Growers blow off steam at Sonoma County Farmers Olympics

Farmers Guild event is a way to show off skills near and dear to a farmer’s heart.|

Five interwoven circles and a mascot greeted people entering the arena. Medals - gold, silver and bronze - awaited the winners. The athletes gathered to show off well-practiced skills, and the band played patriotic songs as opening ceremonies began.

It was the Farmers Olympics, held Tuesday night in the field behind the Sebastopol Grange.

The “Olympic circle” was formed by five barrel hoops hung with farming implements and a watering can. The mascot was a scarecrow, the medals were painted Masonite jar lids.

The athletes were farmers of all ages and genders who knew their way around compost and fence posts. They were serenaded by Sonoma County’s brass “honk” band the Hubbub Club, dressed in its motley finest and complete with a hoop dancer.

The Farmers Guild organized the event as a way to celebrate and blow off steam with athletic competitions that included skills near and dear to a farmer’s heart. Several dozen contestants began with a potato sack race and, to cheers, hopped to the finish line.

One dad earned extra cheers as he picked up his young struggling son, threw him over one shoulder and put him down a few jumps from the finish line.

There was a fierce wheelbarrow race in which the athletes had to shovel a load of compost into the barrow, race to the end, relay the barrow to a partner who then raced it back and dumped it. Men, women and children participated, at times pitching compost so quickly it was lifted by strong winds and coated some spectators.

One tough but popular contest was hay lumping. Racing against the clock, contestants unloaded a truck full of hay and then loaded it again. The gold-medal winner, Steve Conwell of Montgomery Ferguson Farms in Sebastopol, finished in a remarkable 50 seconds.

“I could hardly breathe by the end,” he said, grinning and holding up his jar-lid medal painted with a rooster. A pig farmer, Conwell had contributed some of his harvest for the pork barbecue that was served.

The T-post driving contest demanded a lot of strength of athletes that included an attractive young woman in a little black dress and tasteful jewelry. A rematch was declared when depth and speed came into question. Two over-enthusiastic athletes bent and broke their posts. The fashionable young lady took the silver.

The drip tape unraveling competition wasn’t as easy as you’d thing. The stuff kinked a lot. Andrea Davis-Cetina, who has a farm called Quarter Acre Farm in Sonoma, said she won because she and her buddy only had one kink.

Kids immediately claimed the unraveled tape to use as a jump rope. Some adults also jumped in, but the kids were clear winners in this category.

After competing in events that included the mobile-fence limbo, scarecrow contest, lasso, competitive irrigation and the egg and spoon race, athletes mingled with admirers and made their way to the food table, where farmers’ eats were for sale.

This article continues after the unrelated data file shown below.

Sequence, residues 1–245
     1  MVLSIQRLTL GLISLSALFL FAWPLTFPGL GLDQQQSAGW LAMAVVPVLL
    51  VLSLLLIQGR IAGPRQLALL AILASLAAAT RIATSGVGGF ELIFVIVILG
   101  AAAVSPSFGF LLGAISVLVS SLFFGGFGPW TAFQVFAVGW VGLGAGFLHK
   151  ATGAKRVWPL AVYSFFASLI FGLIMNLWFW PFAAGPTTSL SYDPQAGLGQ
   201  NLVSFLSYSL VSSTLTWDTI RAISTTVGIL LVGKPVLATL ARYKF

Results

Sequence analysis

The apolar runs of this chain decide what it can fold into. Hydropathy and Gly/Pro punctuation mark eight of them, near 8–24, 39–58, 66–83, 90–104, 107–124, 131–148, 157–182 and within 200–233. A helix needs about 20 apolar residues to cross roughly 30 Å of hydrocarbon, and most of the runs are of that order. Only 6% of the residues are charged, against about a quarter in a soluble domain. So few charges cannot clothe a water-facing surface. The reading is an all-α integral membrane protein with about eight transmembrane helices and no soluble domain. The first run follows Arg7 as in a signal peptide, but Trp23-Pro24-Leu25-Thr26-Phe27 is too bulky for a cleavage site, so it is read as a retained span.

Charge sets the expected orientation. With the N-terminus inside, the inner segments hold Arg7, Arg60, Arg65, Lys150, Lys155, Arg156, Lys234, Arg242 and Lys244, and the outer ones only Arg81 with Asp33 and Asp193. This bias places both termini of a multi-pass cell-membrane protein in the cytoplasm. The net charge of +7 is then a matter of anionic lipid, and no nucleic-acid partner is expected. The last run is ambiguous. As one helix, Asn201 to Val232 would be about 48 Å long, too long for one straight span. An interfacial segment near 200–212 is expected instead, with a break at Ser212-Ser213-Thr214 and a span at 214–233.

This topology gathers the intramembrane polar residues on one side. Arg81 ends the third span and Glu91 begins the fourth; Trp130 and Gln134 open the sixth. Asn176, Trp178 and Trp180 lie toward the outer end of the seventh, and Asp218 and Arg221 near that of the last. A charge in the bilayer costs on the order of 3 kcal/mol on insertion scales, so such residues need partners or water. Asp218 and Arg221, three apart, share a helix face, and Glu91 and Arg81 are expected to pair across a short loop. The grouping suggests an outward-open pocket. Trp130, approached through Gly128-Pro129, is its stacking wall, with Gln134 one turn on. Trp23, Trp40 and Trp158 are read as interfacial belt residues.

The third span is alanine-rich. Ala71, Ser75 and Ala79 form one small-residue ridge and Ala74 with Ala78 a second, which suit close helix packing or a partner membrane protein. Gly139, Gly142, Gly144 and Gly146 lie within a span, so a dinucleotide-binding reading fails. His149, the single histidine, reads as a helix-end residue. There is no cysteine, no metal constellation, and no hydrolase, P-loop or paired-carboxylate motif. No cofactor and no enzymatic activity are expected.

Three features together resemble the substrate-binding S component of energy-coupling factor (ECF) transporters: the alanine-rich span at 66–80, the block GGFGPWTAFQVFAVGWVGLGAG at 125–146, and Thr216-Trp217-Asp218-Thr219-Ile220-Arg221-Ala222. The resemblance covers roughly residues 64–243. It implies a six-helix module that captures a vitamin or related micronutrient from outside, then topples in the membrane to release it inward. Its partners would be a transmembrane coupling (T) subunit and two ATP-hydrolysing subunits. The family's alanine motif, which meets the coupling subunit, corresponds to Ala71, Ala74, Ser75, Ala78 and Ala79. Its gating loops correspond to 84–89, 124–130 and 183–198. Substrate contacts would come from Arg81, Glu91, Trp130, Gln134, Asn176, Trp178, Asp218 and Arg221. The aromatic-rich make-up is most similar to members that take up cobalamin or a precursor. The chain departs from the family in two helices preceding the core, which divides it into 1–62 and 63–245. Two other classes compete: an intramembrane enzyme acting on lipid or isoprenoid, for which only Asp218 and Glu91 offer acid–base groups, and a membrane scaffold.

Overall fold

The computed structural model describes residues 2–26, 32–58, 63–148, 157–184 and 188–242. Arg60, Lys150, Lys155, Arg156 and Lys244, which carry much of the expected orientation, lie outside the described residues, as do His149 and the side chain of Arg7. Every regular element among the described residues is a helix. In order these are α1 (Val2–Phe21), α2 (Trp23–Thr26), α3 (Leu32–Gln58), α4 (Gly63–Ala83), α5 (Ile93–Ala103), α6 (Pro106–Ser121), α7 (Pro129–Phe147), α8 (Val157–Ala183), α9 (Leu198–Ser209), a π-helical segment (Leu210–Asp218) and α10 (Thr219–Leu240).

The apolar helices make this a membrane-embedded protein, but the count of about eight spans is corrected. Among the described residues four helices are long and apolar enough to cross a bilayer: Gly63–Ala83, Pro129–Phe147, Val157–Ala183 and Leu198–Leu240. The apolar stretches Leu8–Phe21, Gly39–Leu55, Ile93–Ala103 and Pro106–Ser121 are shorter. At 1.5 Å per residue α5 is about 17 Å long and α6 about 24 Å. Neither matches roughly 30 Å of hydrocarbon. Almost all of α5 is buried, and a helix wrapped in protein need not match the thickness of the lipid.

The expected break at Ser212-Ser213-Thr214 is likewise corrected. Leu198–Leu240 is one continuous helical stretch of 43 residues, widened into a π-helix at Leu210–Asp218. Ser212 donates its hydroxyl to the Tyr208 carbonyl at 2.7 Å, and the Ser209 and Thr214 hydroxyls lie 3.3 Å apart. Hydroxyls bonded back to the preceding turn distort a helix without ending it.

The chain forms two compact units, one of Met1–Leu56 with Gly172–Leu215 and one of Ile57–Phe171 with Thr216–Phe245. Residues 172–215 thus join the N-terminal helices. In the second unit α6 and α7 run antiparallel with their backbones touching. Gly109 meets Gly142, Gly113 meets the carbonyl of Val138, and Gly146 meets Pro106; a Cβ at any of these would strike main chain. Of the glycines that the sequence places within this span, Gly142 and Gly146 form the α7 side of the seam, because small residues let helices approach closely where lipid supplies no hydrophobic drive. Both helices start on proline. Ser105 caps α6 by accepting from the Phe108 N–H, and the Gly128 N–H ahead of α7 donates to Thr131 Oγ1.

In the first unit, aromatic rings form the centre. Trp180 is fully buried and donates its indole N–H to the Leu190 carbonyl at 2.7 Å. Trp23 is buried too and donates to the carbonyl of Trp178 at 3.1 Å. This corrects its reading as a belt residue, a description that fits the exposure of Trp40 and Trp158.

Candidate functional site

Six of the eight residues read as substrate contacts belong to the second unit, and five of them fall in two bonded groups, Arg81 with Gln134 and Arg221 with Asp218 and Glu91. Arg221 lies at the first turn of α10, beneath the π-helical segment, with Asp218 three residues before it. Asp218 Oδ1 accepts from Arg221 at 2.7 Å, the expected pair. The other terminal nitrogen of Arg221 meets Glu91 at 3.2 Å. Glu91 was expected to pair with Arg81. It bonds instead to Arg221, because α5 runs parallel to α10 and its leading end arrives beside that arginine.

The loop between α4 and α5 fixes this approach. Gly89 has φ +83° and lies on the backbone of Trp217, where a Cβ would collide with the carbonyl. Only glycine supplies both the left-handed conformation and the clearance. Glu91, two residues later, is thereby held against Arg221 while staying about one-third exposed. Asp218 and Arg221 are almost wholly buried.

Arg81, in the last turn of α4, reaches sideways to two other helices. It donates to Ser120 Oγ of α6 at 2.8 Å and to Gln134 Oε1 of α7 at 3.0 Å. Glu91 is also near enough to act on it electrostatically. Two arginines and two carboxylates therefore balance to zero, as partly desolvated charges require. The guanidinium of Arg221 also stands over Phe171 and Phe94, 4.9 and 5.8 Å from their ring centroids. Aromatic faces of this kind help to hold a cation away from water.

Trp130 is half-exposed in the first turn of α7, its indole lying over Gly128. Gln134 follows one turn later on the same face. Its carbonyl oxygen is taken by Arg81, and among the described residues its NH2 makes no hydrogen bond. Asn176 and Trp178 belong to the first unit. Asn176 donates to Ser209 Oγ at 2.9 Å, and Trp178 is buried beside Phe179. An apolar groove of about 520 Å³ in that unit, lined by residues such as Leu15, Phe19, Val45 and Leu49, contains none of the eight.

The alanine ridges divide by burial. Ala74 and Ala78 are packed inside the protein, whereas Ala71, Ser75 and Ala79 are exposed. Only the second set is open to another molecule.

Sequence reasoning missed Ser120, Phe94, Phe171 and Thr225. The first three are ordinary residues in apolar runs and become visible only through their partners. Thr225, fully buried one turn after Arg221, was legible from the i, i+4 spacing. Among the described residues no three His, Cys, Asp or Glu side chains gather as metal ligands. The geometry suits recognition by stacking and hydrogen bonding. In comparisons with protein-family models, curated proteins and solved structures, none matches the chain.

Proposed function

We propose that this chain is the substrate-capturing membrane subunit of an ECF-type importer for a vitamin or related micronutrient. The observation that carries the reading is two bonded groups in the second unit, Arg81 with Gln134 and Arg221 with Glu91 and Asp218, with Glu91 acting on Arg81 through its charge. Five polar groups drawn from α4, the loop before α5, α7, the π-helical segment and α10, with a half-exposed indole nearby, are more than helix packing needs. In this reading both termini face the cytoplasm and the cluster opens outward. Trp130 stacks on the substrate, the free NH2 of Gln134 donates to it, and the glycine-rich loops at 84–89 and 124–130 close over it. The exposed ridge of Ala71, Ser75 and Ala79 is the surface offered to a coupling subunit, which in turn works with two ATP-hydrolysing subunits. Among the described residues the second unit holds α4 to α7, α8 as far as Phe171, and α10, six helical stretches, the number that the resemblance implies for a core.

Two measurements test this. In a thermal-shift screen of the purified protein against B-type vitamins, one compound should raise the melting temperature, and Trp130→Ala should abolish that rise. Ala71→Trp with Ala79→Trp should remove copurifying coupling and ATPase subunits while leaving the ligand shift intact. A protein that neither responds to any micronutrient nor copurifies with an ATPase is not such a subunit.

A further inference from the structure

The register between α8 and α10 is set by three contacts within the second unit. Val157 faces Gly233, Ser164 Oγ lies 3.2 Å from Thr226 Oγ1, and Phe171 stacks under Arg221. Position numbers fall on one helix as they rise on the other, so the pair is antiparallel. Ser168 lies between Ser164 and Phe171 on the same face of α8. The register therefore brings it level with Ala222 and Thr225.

Estero Café of Valley Ford did the cooking, and local farmers provided the ingredients, from pork for barbecue to lamb burgers from a Sonoma County ranch. Fresh greens abounded. Local growers and brewers also supplied beer and wines.

The whole tongue-in-cheek event was the brainchild of Evan Wiig, who founded the Farmers Guild in 2011.

It began as a kitchen table group called “Meat Loaf Monday” at a Valley Ford farm, with young beginning farmers gathering over a meal to exchange information. Outgrowing the kitchen, they moved into the GrowKitchen quarters in Sebastopol and outgrew them as well. Finally they partnered with the Sebastopol Grange.

Today the meetings are about serious, nitty gritty farming problems and always include two white boards. One says “I Need” and the other “I Have.” Thus the farmers are able to help one another, so much so that the Guild now has 10 California chapters and several thousand on the mailing list.

At first called Young Farmers, the group changed its name to Farmers Guild when participants realized that they could learn a lot from older farmers, and that older people were also going back to the land.

One meeting a year is a pot luck picnic, and last year some spontaneous games broke out. That’s when some decided a Farmers Olympics would be a lot of fun. About 250 people turned out on a Tuesday for the free event, both farmers and the general public.

“It was all about celebrating not just our farmers but those we call our ‘Food Champions,’” Wiig said.

“They are the people who buy our food, like restaurant owners and chefs, and the people at farmers markets. They support our new generation of farmers.”

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